Dryopithecus


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Related to Dryopithecus: proconsul

Dry·o·pith·e·cus

 (drī′ə-pĭth′ĭ-kəs)
n.
A genus of extinct apes known from Miocene and Pliocene fossil remains found in Africa and Eurasia and believed to be ancestral to the living great apes, including humans.

[New Latin Dryopithēcus, genus name : Greek drūs, oak (in reference to the apes' arboreal lifestyle and to the fossil remains of oak found in the same area as some of the first known specimens of the genus); see deru- in Indo-European roots + Greek pithēkos, ape.]
ThesaurusAntonymsRelated WordsSynonymsLegend:
Noun1.Dryopithecus - genus of Old World hominoids; Miocene and Pliocene
mammal genus - a genus of mammals
family Hominidae, Hominidae - modern man and extinct immediate ancestors of man
dryopithecine - considered a possible ancestor to both anthropoid apes and humans
Dryopithecus Rudapithecus hungaricus, rudapithecus - fossil hominoids from northern central Hungary; late Miocene
References in classic literature ?
One said it was the dryopithecus of Java, the other said it was pithecanthropus.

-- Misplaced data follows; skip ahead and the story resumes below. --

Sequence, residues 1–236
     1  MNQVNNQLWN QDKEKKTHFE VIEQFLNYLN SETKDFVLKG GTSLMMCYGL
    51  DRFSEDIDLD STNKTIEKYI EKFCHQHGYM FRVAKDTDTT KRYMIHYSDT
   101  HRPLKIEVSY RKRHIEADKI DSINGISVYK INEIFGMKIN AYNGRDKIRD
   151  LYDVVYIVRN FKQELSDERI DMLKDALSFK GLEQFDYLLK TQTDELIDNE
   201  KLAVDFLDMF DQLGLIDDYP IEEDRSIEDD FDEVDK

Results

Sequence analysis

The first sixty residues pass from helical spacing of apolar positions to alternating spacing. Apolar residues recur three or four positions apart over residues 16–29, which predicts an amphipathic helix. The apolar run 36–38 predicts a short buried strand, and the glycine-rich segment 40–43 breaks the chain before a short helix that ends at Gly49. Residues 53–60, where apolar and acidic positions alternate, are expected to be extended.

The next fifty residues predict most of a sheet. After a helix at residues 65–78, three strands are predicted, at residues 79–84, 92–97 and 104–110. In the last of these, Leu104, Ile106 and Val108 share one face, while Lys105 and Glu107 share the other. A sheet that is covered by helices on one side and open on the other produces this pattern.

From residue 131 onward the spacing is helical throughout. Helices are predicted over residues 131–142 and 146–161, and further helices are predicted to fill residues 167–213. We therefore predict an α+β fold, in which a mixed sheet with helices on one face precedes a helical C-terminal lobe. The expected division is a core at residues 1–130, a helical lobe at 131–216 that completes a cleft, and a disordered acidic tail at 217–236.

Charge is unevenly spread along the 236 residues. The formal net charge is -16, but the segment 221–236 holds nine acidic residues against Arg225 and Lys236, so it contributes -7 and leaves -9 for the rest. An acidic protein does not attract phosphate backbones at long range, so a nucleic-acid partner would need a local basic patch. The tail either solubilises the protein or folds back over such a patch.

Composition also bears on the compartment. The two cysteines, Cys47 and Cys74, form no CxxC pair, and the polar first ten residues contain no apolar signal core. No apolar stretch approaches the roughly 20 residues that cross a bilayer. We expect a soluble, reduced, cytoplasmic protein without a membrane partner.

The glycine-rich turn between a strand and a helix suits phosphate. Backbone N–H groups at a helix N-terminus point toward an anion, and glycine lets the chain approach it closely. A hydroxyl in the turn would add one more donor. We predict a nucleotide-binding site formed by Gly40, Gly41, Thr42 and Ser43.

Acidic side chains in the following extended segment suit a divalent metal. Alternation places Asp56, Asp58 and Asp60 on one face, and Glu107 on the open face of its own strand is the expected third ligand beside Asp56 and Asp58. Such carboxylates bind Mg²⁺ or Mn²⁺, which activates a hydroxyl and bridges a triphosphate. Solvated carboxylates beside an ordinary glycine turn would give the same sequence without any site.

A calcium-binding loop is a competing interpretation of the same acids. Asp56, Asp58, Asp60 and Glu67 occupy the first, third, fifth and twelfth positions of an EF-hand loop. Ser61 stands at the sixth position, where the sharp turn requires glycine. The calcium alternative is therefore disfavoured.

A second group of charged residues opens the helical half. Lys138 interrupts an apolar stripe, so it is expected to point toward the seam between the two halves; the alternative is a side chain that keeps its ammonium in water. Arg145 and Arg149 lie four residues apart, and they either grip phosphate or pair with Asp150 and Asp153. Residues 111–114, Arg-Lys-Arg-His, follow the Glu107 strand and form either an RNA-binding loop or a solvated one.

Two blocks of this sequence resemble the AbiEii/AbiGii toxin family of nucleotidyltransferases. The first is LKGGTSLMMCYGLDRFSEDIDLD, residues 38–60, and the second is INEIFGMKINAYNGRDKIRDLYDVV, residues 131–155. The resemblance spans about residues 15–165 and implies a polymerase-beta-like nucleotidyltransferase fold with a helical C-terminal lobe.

La primera etapa corresponde al patron cuspideo del Dryopithecus representado con la configuracion Y5; 2.
The Chinji Formation is characterized by the presence of Dryopithecus, Sivacanthion, Dissopsalis, Vishnucyon, Sivaelurus, Gomphotherium, Gaindatherium, Bunolistriodon, Listriodon, Tetraconodon, Hyotherium, Microstonyx, Hemimeryx, Dorcabune, Sanitherium, Giraffa, and Giraffokeryx (Pilgrim, 1911, 1913; Colbert, 1935; Matthew, 1929; Khan et al.
The pongid clade and the hominoid clade were thought to be descended, respectively, from the two extinct ape species Dryopithecus and Ramapithecus.
Dental microwear variability on buccal tooth enamel surfaces of extant and the Miocene fossil Dryopithecus laietanus (Hominoidea).
Como ejemplo de estos antropoides pueden citarse el Dryopithecus, el Oreopithecus y el Ramapithecus.
5-million-year-old, nearly complete skeleton of an extinct ape known as Dryopithecus.
An isolated upper molar from Hostalets de Pierola indeterminate, initially mistaken for a suid, was attributed by van der Made and Ribot (1999) to Dryopithecus.
Dryopithecus, an extinct ape that lived in western and southern Europe between about 9 million and 12 million years ago, finds itself embroiled in a scientific tug-of-war over its evolutionary affiliations.